It is currently Sun Sep 27, 2020 2:40 pm

All times are UTC - 6 hours




Post new topic Reply to topic  [ 21 posts ]  Go to page Previous  1, 2
Author Message
 
 Post subject:
PostPosted: Fri Feb 20, 2004 1:29 pm 
Offline
User avatar

Joined: Wed Apr 23, 2003 12:48 am
Posts: 519
Location: Seabiscuit's stomping ground.
Some cliches I hear around school are beginning to annoy me.

Engage: Becoming the most versatile non-coarse word there is.

Various forms of "to tie in to": Intellectually-Correct term for "perhaps has something to do with"

Aware(ness): Apparently means something more than simply knowing the existence of something. Has been used to mean everything from "sympathy for" to "agreement with"

For a little fun with that sort of thing, I found an intelligent-sentence generator. http://www.betterworkplacenow.com/bigwords/

_________________
Unreasonable person,
ants
|___|)____________O___O___O___o__O___O_____|


Top
 Profile  
Reply with quote  
 
PostPosted: Fri Feb 20, 2004 1:33 pm 
Offline
Chiffmaster General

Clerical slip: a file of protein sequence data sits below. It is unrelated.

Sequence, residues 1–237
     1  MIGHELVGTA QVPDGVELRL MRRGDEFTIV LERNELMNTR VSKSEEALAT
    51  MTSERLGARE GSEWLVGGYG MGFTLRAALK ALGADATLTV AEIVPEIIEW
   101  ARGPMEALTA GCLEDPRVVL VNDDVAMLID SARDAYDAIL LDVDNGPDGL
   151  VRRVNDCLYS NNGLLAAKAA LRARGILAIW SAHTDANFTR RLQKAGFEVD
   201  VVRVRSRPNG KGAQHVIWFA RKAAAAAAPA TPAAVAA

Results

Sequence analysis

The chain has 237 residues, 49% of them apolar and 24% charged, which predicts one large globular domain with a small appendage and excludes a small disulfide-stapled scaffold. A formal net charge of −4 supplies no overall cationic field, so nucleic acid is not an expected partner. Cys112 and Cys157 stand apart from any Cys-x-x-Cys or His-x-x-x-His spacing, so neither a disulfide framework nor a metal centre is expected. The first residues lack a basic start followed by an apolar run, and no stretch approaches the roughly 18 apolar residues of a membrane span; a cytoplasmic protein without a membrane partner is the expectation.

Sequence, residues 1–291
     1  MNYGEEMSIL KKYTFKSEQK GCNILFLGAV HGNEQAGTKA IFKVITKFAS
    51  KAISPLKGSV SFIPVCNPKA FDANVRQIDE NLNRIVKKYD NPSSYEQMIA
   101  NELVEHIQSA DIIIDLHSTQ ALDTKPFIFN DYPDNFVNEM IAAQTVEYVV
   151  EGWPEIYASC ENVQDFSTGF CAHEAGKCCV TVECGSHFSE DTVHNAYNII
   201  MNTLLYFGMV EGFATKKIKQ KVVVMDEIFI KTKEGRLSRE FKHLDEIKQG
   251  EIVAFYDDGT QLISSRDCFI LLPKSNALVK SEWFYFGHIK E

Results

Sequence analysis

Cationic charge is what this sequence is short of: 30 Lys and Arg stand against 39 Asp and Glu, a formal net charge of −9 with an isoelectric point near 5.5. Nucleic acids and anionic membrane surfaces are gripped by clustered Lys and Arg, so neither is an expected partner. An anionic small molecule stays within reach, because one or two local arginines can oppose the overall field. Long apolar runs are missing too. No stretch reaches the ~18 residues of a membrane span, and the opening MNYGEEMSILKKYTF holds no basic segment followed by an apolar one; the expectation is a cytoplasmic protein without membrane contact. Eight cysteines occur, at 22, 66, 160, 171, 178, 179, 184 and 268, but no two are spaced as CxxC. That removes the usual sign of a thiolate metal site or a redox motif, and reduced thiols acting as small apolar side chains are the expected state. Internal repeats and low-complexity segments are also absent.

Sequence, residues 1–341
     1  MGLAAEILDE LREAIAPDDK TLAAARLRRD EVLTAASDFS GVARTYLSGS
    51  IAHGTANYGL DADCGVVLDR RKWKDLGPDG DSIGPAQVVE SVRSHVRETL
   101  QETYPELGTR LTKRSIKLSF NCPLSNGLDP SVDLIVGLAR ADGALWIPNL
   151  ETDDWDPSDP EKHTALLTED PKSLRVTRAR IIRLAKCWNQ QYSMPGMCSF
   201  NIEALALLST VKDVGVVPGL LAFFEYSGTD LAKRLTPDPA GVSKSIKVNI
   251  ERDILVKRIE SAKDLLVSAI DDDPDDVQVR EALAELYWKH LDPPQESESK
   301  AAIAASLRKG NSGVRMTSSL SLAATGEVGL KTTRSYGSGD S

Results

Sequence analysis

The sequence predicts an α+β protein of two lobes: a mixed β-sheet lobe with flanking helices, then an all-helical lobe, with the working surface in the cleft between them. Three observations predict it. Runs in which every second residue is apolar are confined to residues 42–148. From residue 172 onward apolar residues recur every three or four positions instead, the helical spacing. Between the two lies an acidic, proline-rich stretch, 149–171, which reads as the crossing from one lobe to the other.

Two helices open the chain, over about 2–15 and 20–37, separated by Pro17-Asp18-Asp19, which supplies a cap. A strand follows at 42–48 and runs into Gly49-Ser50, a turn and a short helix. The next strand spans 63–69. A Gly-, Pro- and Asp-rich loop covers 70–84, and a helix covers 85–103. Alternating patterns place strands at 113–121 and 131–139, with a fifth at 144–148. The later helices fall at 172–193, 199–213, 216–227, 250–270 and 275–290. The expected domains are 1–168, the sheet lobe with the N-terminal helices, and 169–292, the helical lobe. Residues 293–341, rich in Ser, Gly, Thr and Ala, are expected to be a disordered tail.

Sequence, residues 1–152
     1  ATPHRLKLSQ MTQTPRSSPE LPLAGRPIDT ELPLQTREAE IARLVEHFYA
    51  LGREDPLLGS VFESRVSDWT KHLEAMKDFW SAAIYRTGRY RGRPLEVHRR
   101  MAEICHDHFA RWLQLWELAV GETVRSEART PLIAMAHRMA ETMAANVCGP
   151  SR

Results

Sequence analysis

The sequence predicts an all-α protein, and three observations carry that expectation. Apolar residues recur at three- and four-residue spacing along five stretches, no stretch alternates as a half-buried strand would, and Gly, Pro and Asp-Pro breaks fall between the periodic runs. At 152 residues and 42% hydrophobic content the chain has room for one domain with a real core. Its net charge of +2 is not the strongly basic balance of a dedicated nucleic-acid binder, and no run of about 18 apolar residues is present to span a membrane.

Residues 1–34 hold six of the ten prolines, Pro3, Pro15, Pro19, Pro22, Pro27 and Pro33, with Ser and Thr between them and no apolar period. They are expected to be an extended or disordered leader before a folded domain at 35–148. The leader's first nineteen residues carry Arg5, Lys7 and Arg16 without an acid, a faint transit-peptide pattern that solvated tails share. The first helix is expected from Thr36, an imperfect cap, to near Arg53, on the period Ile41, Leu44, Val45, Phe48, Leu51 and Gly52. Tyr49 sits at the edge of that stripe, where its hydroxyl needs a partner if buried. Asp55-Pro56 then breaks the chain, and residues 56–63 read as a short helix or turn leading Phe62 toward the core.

User avatar

Joined: Thu May 09, 2002 6:00 pm
Posts: 11030
Location: Coal mining country in the Eastern Oklahoma hills.
Darwin wrote:
That's what my 37-year-old American Heritage dictionary shows as the only pronunciation, so the version with the accent on the second syllable (which is what I have) is presumably the "mispronunciation". So, are you willing to change your pronunciation to bring it into accord with the standard?
http://merriamwebster.com/cgi-bin/dictionary?va=harassment

Quote:
I've had simple "w" all my life, so I'm glad to see the rest of the country catching up. I originally had every case of accented "en" rhyming with "in" (and "or" rhyming with "ar"), but have modified my pronunciation of these as an adult.
The matter of "w" being substituted increasingly for wh has been noted by linguists, in recent years.

Quote:
I've never rhymed "well" and "whale", however.

Nor should you. Even if the "h" were knocked off, there is generally a distinction between Wales and wells.